In response to "Jeff MacDonald" <[EMAIL PROTECTED]>:
> > Jeff MacDonald wrote:
> > > Hi,
> > >
> > > I put a fresh install of 6.1-RELEASE on a dell poweredge 1950 server.
> > > It's configured with 4 gigs of ram.
> > >
> > > However when I boot i get the following right before DMESG
> > >
> > > 786432k above 4GB ignored
> > >
> > > Which is strange, but then dmesg shows this
> > >
> > > real memory  = 3489300480 (3327 MB)
> > > avail memory = 3414659072 (3256 MB)
> > >
> > > Soo I'm at a bit of a loss.
> >
> > You're using the 32-bit version, right? The design of x86 architecture
> > (i.e. it's not FreeBSD's problem) is such that a part of memory
> > addresses needs to be set aside for hardware uses, such as the PCI bus,
> > AGP memory & others. This manifests as "holes" in memory that are not
> > accessible to OS.
> >
> > There are two possible solutions: you may try compiling a 32-bit kernel
> > with PAE (but not all drivers support PAE), or install the 64-bit
> > version of FreeBSD.
> 
> Well I hate when people say this, but I'm going to say it.. :)
> 
> When I did a default install of ubuntu, it saw all 4 gigs without a
> hitch. So does that mean it already includes PAE, or something else ?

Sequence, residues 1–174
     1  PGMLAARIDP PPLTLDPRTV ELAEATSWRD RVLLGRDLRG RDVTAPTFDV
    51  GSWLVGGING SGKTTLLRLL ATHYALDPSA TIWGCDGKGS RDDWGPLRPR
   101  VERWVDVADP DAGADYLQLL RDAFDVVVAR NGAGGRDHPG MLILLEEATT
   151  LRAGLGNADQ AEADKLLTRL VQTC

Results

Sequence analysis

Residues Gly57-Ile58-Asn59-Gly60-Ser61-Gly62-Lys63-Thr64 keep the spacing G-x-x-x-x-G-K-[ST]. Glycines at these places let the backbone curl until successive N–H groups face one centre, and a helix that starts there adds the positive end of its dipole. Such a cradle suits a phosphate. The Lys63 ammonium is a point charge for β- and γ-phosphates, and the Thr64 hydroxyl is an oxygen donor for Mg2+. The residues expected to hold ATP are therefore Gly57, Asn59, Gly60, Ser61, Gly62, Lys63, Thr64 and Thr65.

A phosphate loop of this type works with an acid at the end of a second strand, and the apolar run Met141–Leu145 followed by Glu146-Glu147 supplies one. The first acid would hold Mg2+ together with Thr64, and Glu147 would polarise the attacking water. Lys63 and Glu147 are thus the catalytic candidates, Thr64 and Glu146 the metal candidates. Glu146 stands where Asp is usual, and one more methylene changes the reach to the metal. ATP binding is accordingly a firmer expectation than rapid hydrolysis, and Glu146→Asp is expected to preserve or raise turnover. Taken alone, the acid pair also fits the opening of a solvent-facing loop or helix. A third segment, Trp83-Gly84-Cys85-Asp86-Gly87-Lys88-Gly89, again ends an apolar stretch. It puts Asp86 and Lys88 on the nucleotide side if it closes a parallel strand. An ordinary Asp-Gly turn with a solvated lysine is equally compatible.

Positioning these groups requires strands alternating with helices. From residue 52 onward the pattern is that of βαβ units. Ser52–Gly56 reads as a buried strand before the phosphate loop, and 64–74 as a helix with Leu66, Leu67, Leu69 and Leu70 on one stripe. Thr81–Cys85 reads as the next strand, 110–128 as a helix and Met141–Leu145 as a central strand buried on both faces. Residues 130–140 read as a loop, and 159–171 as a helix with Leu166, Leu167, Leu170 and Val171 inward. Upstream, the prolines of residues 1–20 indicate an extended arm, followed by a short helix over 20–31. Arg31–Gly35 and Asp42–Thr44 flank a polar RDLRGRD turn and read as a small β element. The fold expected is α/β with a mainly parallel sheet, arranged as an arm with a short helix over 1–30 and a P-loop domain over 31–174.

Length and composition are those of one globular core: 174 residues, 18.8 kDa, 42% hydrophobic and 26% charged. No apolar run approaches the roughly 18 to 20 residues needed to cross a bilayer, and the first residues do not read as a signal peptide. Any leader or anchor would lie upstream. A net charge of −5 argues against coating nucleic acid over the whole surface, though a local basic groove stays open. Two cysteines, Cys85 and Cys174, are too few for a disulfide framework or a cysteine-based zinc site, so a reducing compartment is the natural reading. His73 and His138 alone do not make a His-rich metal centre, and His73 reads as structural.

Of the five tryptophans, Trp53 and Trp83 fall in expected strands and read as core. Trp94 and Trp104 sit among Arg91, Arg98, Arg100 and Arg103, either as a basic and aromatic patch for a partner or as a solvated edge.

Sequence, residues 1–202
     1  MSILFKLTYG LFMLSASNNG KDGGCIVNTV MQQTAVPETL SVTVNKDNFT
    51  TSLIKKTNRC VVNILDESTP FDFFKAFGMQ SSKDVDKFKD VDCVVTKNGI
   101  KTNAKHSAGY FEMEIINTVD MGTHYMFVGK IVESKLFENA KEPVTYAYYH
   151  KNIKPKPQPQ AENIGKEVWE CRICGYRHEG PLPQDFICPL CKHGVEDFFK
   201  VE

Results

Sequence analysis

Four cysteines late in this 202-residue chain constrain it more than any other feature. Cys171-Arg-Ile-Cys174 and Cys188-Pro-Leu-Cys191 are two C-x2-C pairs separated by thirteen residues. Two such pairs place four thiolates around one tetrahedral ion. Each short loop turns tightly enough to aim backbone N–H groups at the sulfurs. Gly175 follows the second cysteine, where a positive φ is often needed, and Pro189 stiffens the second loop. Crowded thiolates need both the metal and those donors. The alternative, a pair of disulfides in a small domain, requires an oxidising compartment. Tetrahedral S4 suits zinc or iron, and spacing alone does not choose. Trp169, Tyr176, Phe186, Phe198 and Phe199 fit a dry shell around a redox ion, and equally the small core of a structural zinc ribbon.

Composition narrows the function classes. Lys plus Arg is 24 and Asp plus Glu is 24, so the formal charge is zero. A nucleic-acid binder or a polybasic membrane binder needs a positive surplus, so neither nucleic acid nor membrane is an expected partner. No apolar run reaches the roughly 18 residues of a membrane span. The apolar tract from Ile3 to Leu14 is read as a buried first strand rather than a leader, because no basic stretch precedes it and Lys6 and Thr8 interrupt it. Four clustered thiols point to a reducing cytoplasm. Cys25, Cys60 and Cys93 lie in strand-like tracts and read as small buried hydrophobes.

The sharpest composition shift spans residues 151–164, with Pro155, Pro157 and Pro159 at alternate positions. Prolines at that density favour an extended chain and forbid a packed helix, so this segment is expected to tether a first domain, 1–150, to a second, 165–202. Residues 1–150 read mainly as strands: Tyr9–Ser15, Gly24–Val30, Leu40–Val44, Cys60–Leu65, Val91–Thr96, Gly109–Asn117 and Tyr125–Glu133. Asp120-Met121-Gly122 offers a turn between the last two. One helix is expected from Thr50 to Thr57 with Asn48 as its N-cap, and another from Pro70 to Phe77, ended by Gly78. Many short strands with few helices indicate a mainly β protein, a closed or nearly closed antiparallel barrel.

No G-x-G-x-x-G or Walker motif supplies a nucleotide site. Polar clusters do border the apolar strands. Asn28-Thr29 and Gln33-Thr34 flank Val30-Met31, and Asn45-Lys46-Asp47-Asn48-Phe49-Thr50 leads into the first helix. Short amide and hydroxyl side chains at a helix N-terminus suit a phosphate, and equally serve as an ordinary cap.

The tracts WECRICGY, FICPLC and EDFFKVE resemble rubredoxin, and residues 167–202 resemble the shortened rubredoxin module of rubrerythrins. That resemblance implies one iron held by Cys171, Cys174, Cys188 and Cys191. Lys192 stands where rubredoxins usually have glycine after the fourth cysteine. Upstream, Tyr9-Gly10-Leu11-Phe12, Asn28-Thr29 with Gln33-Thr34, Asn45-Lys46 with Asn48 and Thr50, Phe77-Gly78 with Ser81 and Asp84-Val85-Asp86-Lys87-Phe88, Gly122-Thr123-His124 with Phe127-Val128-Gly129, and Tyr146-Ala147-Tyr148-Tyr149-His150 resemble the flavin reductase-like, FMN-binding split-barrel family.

One of those two.  You sure you didn't install a 64-bit version of Ubuntu?

> Aside, I will read up on PAE.  I'll read up about 64 bit as well, I've
> been hesitant to make the jump only cause any word of mouth i've heard
> said  that it's not ready for production. Maybe that's off base, it's
> only what "i've heard"

We're deploying a lot of 64 bit stuff around here.  Our experience has
been that the OS is as solid on amd64 as it is on i386.  Server applications
are the same.  There are, however, a lot of desktop applications that are
still flaky on 64-bit -- mostly non-mainstream ones.  We got in a crunch
and had to reinstall a workstation back to i386 because of it, or I would
have filed some bug reports.

-- 
Bill Moran
Collaborative Fusion Inc.
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